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Russia starts biggest war games since Soviet fall near China

3,500 Chinese troops take part

Published : Wednesday, 12 September, 2018 at 12:00 AM Count : 370

CHITA, Sept 11: Russia began its biggest war games since the fall of the Soviet Union on Tuesday close to its border with China, mobilising 300,000 troops in a show of force that will include joint exercises with the Chinese army.
China and Russia have staged joint drills before but not on such a large scale, and the Vostok-2018 (East-2018) exercise signals closer military ties as well as sending an unspoken reminder to Beijing that Moscow is able and ready to defend its sparsely populated       far east.
Vostok-2018 is taking place at a time of heightened tension between the West and Russia, and NATO has said it will monitor the exercise closely, as will the United States which has a strong military presence in the Asia-Pacific region.
Russia's Ministry of Defence broadcast images on Tuesday of military trucks being transported on trains, columns of tanks, armoured vehicles and warships on the move, and combat helicopters and fighter aircraft taking off.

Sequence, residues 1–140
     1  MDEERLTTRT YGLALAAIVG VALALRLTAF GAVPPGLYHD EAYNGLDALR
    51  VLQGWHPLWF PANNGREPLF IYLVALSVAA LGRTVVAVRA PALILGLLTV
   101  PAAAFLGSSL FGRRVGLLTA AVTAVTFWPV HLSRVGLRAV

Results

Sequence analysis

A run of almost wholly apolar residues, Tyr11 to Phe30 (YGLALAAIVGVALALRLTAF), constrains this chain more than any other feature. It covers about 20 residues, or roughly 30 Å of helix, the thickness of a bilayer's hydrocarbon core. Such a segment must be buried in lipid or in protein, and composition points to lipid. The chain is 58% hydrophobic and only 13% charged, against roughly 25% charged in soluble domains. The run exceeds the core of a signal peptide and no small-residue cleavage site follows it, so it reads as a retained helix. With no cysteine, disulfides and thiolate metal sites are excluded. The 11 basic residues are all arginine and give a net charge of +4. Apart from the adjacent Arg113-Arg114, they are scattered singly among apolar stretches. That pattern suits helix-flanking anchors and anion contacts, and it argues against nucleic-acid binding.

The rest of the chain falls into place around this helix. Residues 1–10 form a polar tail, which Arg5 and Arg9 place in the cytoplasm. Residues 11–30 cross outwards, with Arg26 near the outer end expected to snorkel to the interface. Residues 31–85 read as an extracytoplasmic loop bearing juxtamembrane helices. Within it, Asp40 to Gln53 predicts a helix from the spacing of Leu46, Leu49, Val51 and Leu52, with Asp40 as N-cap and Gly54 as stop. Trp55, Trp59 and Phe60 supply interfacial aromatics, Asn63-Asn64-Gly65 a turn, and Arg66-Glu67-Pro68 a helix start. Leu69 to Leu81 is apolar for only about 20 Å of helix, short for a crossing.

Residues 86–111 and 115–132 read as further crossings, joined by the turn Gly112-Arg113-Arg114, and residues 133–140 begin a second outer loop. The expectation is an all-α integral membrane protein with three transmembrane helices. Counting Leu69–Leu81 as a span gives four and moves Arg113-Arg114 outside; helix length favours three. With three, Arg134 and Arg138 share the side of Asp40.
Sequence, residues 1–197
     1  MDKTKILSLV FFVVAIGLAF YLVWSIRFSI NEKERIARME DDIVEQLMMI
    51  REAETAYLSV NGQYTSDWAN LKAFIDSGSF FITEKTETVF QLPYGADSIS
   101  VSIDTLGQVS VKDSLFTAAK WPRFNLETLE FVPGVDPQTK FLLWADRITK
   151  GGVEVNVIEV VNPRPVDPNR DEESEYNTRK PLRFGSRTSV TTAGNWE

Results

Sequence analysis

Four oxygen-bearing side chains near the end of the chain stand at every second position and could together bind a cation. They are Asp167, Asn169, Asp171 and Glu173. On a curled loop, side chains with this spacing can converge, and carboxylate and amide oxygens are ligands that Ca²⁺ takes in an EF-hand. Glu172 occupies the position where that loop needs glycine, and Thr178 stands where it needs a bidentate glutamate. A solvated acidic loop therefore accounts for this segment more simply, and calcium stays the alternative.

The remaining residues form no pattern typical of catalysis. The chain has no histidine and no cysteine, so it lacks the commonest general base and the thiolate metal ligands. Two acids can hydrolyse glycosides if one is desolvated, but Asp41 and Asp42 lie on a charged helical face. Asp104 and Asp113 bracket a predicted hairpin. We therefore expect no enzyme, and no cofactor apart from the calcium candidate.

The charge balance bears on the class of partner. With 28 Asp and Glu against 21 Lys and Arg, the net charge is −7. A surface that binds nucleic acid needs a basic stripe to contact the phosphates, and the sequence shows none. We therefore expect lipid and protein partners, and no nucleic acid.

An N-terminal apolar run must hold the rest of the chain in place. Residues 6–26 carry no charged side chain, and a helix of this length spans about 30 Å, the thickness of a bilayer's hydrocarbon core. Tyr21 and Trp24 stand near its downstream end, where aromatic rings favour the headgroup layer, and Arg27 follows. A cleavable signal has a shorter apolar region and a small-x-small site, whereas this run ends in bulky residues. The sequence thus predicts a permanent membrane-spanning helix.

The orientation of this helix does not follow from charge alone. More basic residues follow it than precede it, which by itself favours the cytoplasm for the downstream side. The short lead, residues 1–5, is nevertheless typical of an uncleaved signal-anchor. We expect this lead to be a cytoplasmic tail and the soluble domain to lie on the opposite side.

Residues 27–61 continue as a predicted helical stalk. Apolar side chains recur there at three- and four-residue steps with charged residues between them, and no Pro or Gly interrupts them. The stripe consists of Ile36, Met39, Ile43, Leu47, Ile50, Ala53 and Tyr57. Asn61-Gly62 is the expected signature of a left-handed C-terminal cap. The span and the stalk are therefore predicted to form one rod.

This activity was part of the first stage of the exercise, which runs until Sept. 17, the ministry said in a statement. It involved deploying additional forces to Russia's far east and a naval build-up involving its Northern and Pacific fleets.
The main aim was to check the military's readiness to move troops large distances, to test how closely infantry and naval forces cooperated, and to perfect command and control procedures. Later stages will involve rehearsals of both defensive and offensive scenarios.
Russia also staged a major naval exercise in the eastern Mediterranean this month and its jets resumed bombing the Syrian region of Idlib, the last major enclave of rebels fighting its ally President Bashar al-Assad.
The location of the main training range for Vostok-2018 5,000 km (3,000 miles) east of Moscow means it is likely to be watched closely by Japan, North and South Korea as well as by China and Mongolia, both of whose armies will take part in the manoeuvres later this week.
Analysts say Moscow had to invite the Chinese and Mongolian militaries given the proximity of the war games to their borders and because the scale meant the neighbouring countries would probably have seen them as a threat had they been excluded.    -REUTERS












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